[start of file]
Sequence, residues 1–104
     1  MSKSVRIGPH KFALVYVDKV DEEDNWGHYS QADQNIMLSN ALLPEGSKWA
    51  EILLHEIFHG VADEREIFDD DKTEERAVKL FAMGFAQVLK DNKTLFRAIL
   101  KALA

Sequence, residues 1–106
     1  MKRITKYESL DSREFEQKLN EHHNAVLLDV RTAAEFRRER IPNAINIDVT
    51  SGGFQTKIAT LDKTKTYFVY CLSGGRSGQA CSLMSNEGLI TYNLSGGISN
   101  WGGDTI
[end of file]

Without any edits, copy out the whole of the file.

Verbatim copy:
Sequence, residues 1–104
     1  MSKSVRIGPH KFALVYVDKV DEEDNWGHYS QADQNIMLSN ALLPEGSKWA
    51  EILLHEIFHG VADEREIFDD DKTEERAVKL FAMGFAQVLK DNKTLFRAIL
   101  KALA

Sequence, residues 1–106
     1  MKRITKYESL DSREFEQKLN EHHNAVLLDV RTAAEFRRER IPNAINIDVT
    51  SGGFQTKIAT LDKTKTYFVY CLSGGRSGQA CSLMSNEGLI TYNLSGGISN
   101  WGGDTI